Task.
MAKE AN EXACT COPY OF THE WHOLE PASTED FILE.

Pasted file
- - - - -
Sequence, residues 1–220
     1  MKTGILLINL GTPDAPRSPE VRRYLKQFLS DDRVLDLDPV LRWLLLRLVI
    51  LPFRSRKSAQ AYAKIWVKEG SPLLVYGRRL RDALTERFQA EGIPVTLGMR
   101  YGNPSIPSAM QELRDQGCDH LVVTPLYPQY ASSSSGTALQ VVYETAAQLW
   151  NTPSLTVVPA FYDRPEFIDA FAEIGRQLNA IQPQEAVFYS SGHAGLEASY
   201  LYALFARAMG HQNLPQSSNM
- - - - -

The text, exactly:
Sequence, residues 1–220
     1  MKTGILLINL GTPDAPRSPE VRRYLKQFLS DDRVLDLDPV LRWLLLRLVI
    51  LPFRSRKSAQ AYAKIWVKEG SPLLVYGRRL RDALTERFQA EGIPVTLGMR
   101  YGNPSIPSAM QELRDQGCDH LVVTPLYPQY ASSSSGTALQ VVYETAAQLW
   151  NTPSLTVVPA FYDRPEFIDA FAEIGRQLNA IQPQEAVFYS SGHAGLEASY
   201  LYALFARAMG HQNLPQSSNM